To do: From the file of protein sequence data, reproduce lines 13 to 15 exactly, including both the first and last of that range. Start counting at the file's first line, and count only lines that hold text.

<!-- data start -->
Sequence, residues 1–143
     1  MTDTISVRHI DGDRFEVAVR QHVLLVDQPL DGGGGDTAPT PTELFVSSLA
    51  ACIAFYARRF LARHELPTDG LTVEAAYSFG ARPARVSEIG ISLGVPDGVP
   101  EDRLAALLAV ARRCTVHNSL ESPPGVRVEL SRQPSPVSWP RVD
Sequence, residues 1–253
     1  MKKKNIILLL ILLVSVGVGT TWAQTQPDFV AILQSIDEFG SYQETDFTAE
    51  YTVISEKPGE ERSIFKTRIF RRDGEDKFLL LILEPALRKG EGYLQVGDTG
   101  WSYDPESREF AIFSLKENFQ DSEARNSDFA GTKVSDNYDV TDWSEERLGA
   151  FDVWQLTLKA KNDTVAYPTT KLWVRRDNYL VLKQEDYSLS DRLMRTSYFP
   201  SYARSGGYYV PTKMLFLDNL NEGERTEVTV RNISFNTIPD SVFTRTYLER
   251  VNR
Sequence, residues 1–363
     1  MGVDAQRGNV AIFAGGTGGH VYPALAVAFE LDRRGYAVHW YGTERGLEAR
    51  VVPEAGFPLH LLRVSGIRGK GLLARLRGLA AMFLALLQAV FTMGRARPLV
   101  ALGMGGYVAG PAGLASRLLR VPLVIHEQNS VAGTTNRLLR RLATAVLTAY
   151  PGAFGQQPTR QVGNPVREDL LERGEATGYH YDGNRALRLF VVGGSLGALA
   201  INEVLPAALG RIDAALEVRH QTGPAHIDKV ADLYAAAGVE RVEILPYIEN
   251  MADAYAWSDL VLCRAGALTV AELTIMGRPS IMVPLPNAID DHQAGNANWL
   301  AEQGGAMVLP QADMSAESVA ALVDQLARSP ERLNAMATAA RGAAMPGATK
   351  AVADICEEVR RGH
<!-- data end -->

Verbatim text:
     1  MGVDAQRGNV AIFAGGTGGH VYPALAVAFE LDRRGYAVHW YGTERGLEAR
    51  VVPEAGFPLH LLRVSGIRGK GLLARLRGLA AMFLALLQAV FTMGRARPLV
   101  ALGMGGYVAG PAGLASRLLR VPLVIHEQNS VAGTTNRLLR RLATAVLTAY